Redux puts it back in. It includes several scenes that make sense in the written Milius script but were never entirely completed on film. The longest of these consists of an interlude at a French plantation. At dinner the owner fulminates about American policy in Indo-China before and during the war. Milius contrasts French resolve with American weakness, not a popular theme in 1979, when the embers of defeat still smoldered in the American consciousness. Including a 1970’s political commentary in 2001 simply compromises the mythical import of the story. Younger audiences will just be puzzled by this verbose distraction.
During his stay at the plantation, the hero, Captain Willard (Martin Sheen), smokes opium and has a meaningless sexual liaison with the beautiful widow Roxanne (Aurore Clement). In the rough-and-tumble Milius script, the encounter is part of an elaborate quasi-comic seduction and counter-seduction, as the lovers scheme to steal supplies from each other. The expository scenes were never shot, however, and the unmotivated episode that appears in Redux provides only a mindless intrusion into the story. The romantic interlude does nothing more than emphasize Willard’s loneliness, a fact that is manifestly clear after more than two hours of voice-over monologue in an open boat in the middle of the Asian jungle.
During his travels, Willard boosts the morale of his crew by obtaining the sexual favors of two Playboy bunnies, performers in a U.S.O. show, in exchange for fuel. In the Milius script it is a frolic of macho warriors, but Coppola shot the sequence in claustrophobic, squalid settings that emphasize the degradation that war has imposed upon everyone involved in it. The scene was wisely dropped from the release print, since the point of degradation had already been amply established by their suggestive dance and the frenzied reaction of the spectators.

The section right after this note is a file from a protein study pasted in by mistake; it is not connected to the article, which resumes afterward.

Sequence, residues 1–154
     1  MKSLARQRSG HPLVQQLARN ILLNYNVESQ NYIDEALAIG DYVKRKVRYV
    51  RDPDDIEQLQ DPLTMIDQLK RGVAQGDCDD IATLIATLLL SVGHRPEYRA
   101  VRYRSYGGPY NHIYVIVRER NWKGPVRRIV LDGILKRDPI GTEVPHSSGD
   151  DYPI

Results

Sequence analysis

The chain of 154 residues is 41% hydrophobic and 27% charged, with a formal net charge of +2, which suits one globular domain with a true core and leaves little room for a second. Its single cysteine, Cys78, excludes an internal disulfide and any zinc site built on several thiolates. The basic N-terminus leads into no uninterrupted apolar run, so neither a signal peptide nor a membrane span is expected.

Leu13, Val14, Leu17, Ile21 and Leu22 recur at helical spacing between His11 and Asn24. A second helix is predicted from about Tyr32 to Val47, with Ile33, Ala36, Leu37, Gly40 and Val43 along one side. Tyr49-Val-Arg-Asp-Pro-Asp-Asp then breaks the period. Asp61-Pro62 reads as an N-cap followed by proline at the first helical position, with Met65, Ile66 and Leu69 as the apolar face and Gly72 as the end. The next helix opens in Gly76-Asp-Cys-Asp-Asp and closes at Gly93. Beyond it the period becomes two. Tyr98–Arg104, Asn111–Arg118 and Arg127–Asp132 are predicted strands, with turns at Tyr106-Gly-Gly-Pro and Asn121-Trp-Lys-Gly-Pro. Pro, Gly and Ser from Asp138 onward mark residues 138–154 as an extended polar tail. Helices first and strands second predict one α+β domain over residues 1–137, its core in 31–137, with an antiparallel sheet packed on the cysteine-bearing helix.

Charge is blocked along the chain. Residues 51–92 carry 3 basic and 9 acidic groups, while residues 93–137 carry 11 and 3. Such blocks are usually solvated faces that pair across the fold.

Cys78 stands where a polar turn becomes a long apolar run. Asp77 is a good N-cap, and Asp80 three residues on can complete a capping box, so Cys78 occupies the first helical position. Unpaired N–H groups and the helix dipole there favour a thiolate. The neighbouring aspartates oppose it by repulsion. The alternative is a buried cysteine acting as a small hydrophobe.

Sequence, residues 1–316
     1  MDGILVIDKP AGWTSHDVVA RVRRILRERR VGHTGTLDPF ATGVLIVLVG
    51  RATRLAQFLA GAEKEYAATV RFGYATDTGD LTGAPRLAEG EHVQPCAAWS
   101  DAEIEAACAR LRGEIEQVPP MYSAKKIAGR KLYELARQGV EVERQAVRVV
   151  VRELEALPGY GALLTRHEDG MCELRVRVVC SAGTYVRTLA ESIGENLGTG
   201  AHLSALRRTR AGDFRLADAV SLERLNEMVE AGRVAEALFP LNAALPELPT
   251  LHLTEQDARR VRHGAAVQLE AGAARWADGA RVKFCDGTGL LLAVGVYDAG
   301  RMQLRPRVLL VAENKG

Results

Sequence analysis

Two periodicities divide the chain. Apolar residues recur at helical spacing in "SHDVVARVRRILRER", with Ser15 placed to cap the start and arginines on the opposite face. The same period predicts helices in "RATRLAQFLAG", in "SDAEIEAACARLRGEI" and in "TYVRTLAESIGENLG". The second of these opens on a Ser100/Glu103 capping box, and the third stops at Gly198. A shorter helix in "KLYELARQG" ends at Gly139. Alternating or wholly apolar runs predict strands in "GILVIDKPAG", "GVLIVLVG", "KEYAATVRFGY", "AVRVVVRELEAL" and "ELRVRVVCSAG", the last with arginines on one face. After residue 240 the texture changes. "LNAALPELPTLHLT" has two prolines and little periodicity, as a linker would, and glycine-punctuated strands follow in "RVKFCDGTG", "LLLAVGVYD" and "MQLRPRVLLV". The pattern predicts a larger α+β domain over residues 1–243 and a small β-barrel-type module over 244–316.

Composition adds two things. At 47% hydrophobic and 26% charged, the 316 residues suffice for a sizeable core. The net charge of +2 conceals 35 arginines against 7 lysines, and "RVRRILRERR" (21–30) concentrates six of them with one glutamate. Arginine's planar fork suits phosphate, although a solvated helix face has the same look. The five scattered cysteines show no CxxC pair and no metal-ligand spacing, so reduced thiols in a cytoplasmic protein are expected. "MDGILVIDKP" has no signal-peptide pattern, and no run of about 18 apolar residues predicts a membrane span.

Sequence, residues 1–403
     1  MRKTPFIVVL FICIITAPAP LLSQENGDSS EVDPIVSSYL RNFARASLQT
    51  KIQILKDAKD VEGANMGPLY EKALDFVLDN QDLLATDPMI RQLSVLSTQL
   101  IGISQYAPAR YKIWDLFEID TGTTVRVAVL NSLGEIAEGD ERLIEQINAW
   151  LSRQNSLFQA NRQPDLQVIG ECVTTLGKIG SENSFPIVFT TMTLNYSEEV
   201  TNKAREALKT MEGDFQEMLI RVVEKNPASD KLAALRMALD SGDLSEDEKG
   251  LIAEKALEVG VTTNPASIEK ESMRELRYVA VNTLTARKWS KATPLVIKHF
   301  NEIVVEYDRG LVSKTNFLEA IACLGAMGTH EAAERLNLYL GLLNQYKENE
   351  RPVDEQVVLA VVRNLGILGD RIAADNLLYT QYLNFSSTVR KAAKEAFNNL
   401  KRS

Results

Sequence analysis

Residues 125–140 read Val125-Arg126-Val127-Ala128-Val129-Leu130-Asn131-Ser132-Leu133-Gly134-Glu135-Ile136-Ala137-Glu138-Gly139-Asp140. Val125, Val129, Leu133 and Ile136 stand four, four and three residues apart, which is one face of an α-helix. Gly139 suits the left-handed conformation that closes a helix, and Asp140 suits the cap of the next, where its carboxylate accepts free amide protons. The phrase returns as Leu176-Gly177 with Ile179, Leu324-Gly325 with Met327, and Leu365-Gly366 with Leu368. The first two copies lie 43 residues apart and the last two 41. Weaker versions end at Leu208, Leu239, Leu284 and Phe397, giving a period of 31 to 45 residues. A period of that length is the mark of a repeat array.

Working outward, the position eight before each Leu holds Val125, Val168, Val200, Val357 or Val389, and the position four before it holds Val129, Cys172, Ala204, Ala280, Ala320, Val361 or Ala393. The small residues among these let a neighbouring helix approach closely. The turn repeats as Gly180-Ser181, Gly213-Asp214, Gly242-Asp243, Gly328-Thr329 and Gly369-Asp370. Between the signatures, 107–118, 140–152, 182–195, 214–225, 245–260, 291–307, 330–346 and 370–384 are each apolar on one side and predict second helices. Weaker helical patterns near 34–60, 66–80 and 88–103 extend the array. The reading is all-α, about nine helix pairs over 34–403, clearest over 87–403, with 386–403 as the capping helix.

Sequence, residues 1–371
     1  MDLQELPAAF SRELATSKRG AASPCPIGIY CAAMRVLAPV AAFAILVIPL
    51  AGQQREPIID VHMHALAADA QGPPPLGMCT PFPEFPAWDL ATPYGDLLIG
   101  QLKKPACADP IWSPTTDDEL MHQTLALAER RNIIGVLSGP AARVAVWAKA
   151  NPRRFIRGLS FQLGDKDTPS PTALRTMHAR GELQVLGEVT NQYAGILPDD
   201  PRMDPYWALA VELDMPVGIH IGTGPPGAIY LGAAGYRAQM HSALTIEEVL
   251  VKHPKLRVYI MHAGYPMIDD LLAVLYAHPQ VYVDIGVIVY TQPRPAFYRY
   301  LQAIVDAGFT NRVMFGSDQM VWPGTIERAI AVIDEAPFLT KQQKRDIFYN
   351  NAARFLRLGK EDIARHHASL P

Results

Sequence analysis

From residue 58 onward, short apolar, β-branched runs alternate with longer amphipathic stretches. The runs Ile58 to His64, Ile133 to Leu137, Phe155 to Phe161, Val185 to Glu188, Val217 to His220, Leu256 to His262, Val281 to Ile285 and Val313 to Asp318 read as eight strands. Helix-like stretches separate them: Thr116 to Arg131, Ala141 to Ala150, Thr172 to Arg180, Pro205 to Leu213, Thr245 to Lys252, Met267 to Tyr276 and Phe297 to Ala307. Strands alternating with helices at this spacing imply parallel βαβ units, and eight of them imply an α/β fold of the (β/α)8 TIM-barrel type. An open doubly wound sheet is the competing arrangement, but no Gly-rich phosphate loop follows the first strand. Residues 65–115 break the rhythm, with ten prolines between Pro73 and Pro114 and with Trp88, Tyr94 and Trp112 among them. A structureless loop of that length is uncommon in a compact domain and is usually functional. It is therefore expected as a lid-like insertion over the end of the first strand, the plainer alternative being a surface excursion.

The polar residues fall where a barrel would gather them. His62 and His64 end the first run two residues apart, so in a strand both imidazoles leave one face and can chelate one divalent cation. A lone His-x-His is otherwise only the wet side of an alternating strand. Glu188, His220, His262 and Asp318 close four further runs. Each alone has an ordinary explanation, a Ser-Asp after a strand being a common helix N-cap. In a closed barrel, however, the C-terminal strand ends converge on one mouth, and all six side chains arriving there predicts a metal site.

Milius was dealing with humanized characters as they might appear through comic-book filters. Coppola and Conrad were dealing with heroic, mythic figures struggling through a cosmic agon with evil in the universe. If the sex scenes trivialize Willard’s quest for redemption, the appearance of Colonel Kurtz (Marlon Brando) reading excerpts from Time magazine reduces the character to banality. He is not a lunatic, nor is he a sane human being who has embraced evil; he is evil itself. Olympians do not mumble old news items from Time standing motionless in medium shot.
Apocalypse Now Redux should never have been put into commercial release. Film scholars justifiably celebrate the availability of these outtakes, but they should have been distributed in a critics edition on videotape and DVD, where the original masterpiece could appear intact, with the additions tucked into a clearly labeled supplement.
Many contemporary reviewers, most of whom learned their trade when the cult of the director was at its height, have raved about Redux. I disagree. They do a disservice to the film, to Coppola and to cinema as an art form and as a cultural record.